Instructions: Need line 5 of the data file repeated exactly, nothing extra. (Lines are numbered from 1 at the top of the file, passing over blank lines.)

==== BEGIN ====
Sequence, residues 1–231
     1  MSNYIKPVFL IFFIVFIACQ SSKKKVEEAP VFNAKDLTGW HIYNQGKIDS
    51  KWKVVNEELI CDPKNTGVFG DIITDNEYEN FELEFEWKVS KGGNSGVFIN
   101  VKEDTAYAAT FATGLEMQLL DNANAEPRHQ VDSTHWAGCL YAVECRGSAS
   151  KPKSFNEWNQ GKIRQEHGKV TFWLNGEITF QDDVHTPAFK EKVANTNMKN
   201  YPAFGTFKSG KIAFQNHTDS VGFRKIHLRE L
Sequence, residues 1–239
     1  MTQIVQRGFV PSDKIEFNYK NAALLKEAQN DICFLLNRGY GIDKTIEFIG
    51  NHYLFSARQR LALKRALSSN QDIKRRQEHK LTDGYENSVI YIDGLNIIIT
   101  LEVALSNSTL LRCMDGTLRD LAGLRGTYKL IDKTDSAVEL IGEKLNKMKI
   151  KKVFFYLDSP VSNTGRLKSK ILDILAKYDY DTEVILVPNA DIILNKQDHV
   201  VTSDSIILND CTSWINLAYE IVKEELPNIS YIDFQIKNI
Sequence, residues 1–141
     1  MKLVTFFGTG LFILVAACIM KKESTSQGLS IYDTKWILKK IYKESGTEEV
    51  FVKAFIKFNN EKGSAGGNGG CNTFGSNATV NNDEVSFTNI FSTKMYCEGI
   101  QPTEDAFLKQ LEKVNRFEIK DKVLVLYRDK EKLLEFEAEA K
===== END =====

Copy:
   151  KPKSFNEWNQ GKIRQEHGKV TFWLNGEITF QDDVHTPAFK EKVANTNMKN